404 College could not be found: PTSD

Veterans, abuse victims, neglected children, it can happen to anyone.

Miranda Martinez, Cactus Writer

Post-traumatic stress disorder (PTSD) is a mental disorder that can develop after a person is exposed to a traumatic event. Sexual assault, warfare, traffic collisions, or other threats on a person’s life can cause people of all ages to suffer from PTSD. Symptoms may include night terrors, flash backs and other outbursts relating their triggers. These symptoms last for more than just a month after the event even years depending on the severity of the mental disorder. Young children are less likely to show distress but instead may express their memories through play.

Post-traumatic stress disorder, is a serious potentially debilitating condition that can occur in people who have experienced or witnessed a natural disaster, serious accident, terrorist incident, sudden death of a loved one, war, violent personal assault such as rape, or other life-threatening events; such as the 9/11 terrorist attacks and those in cities around the world (Orlando and Paris, for example) or the bombings at the 2013 Boston Marathon, or active combat. Research has recently shown that PTSD among military personnel may be a physical brain injury, specifically of damaged tissue, caused by blasts during combat.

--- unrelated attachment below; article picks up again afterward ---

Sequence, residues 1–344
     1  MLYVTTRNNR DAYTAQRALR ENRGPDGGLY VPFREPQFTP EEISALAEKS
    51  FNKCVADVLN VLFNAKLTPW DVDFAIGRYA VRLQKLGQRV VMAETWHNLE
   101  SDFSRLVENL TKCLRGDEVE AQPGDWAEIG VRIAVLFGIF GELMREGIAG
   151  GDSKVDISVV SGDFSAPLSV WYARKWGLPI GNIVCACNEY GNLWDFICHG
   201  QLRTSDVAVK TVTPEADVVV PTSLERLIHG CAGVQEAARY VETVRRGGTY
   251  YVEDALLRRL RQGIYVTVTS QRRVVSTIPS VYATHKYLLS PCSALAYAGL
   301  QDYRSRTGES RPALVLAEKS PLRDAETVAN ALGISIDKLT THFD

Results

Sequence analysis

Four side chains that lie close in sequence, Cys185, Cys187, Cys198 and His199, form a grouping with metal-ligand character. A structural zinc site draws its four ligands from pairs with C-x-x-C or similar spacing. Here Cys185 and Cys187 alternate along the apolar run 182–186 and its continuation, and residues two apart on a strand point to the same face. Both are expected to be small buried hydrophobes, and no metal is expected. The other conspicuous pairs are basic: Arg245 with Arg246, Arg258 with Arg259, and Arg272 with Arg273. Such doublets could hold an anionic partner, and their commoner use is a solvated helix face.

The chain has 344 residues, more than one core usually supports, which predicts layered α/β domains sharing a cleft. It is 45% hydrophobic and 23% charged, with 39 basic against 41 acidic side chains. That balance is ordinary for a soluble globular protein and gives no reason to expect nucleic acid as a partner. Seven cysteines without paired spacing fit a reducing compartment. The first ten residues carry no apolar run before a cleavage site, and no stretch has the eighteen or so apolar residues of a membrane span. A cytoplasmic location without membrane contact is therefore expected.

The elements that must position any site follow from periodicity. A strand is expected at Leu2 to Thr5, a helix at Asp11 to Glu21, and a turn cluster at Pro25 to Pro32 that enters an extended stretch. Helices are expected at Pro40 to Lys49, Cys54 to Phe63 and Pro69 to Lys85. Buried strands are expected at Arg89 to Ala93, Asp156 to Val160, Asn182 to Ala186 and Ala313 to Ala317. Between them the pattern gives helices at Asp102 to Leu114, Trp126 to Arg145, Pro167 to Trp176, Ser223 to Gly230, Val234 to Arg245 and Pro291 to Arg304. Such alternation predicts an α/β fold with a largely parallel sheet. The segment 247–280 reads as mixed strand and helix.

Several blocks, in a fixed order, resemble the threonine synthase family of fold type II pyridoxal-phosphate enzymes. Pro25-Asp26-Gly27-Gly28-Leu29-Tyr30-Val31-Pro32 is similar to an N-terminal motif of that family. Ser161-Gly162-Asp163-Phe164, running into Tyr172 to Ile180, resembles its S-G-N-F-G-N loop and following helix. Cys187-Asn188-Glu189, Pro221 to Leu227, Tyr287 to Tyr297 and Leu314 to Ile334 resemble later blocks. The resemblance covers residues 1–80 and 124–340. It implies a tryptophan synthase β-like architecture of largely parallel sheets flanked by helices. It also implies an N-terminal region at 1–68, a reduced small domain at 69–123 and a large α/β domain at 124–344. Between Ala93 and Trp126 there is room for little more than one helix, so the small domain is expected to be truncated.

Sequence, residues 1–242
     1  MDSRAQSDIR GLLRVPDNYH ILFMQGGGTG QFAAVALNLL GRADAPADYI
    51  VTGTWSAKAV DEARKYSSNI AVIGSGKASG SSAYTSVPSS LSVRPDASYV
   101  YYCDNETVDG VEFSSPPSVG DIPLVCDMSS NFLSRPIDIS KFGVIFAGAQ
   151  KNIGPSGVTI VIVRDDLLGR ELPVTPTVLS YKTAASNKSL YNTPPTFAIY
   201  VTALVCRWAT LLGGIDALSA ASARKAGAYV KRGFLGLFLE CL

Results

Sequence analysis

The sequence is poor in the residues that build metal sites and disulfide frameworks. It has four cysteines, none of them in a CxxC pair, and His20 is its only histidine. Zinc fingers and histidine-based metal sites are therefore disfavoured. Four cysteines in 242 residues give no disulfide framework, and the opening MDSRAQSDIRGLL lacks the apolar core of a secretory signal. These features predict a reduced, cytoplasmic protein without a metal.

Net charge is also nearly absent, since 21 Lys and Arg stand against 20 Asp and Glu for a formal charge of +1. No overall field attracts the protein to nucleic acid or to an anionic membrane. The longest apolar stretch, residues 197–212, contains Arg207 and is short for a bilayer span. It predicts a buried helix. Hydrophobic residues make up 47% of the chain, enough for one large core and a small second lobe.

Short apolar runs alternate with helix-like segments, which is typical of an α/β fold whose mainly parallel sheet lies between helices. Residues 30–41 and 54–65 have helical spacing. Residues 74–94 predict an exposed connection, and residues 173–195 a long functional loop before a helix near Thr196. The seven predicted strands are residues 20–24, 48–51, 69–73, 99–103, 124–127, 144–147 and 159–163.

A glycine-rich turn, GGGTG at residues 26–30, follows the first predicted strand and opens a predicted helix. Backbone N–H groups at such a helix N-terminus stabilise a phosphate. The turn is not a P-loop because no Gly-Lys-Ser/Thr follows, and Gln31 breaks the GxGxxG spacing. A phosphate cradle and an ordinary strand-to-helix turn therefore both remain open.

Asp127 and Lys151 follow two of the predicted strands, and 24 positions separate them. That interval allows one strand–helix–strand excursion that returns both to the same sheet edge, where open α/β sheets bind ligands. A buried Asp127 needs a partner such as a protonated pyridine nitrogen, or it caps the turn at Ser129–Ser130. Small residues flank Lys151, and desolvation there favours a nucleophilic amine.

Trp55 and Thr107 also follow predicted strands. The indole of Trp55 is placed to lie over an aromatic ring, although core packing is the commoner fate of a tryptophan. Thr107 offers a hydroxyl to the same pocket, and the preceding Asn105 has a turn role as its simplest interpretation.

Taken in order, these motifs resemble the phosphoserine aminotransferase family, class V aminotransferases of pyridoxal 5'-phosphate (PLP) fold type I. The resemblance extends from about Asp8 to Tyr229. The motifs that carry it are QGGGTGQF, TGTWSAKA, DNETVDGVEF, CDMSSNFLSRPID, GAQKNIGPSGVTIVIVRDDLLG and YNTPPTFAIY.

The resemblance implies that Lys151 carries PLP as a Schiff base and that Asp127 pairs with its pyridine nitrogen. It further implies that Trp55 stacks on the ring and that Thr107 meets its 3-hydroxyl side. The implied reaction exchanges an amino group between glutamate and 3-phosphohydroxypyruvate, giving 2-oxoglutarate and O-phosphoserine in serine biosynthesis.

With 7.7 million Americans age 18 and older suffering from PTSD 67 percent of people exposed to mass violence have been shown to develop PTSD, a higher rate than those exposed to natural disasters or other types of traumatic events. People who have experienced previous traumatic events run a higher risk of developing PTSD. PTSD can also affect children and members of the military. Here at Central Arizona College we do offer military benefits and have the disabilities program that offers counseling and help with things such as note takers and other benefits; both of these can be found on the CAC website, under the disabilities link and Veteran benefits.d.getElementsByTagName(‘head’)[0].appendChild(s);